Students converge on Graduate Law Fair

“WHAT is a set of chambers?” was one of a barrage of questions fired at exhibitors at the Graduate Law Fair by enthusiastic lawyers-to-be.

More than 4,000 students interested in the law flocked to the fair, which was held at the Barbican and organised by The Lawyer.

Some were so keen to get an edge on their rivals – or were so desperate to see Cherie Booth QC open the event – that they were spotted queueing at 7am in preparation for the opening.

Exhibitors, who included law firms, chambers and colleges, said they were overwhelmed by the number of graduates, aged anywhere between 14 and 72, seeking career advice and information.

“Here is my CV, when can I do a mini-pupillage?” enquired one optimist.

Another, clearly a pessimist, asked: “At 38, am I too old to consider a career in law?”.

The Lawyer spoke to some of the students.

Naveeda Ramzan, a second-year law student at the University of East London, said: “I originally wanted to be a barrister. Being a barrister is appealing because of the status surrounding the profession.

“But I am keeping my options open, and will probably do the legal practice course.”

Jonathan O'Meara, a fourth-year law student on a sandwich course at Brunel University, said: “I chose law because I have an interest in solving problems and protecting individual rights.

“I have already had two placements at a legal aid firm in South London and an employment law firm because you have to have experience – a good degree is no longer enough. The solicitors' side of the profession appeals because of the teamwork involved.”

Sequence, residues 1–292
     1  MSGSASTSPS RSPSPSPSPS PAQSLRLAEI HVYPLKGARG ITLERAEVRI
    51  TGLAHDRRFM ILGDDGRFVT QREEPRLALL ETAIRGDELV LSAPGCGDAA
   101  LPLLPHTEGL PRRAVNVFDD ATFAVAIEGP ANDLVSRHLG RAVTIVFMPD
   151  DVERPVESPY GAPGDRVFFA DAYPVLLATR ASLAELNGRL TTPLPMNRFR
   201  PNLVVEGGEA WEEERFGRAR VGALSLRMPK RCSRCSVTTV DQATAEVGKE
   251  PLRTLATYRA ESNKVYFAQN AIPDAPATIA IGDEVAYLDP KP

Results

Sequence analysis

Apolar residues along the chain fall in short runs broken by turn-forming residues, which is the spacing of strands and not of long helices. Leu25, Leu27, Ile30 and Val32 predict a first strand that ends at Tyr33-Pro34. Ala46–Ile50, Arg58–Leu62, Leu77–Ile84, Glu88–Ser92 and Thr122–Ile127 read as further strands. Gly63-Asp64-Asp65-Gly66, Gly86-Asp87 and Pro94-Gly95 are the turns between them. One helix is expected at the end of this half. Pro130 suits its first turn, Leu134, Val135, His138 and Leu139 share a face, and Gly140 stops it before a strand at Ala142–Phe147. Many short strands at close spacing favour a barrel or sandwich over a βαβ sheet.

Neil Bennett, a second-year law student at Northampton University, said: “I have always been interested in doing law. I was a policeman for seven years and ideally I would like to practise at the criminal Bar, having had relevant experience and worked in the courts.”

Florence Folami is on the Legal Practice Course at London Guildhall University.

She is applying for traineeships and said: “I opted for law because I think I have the relevant skills, such as the ability to solve problems and attention to detail. I would like to be a solicitor – anywhere.”

Rebecca McLeod, a third-year law student at Anglia Polytechnic University, said: “I chose to do law after sitting in on a lecture during my A levels. My preference is to be a solicitor, possibly in a regional firm.

“I want to speak to law firms to find out about what they do, what they are looking for and what they want from us.”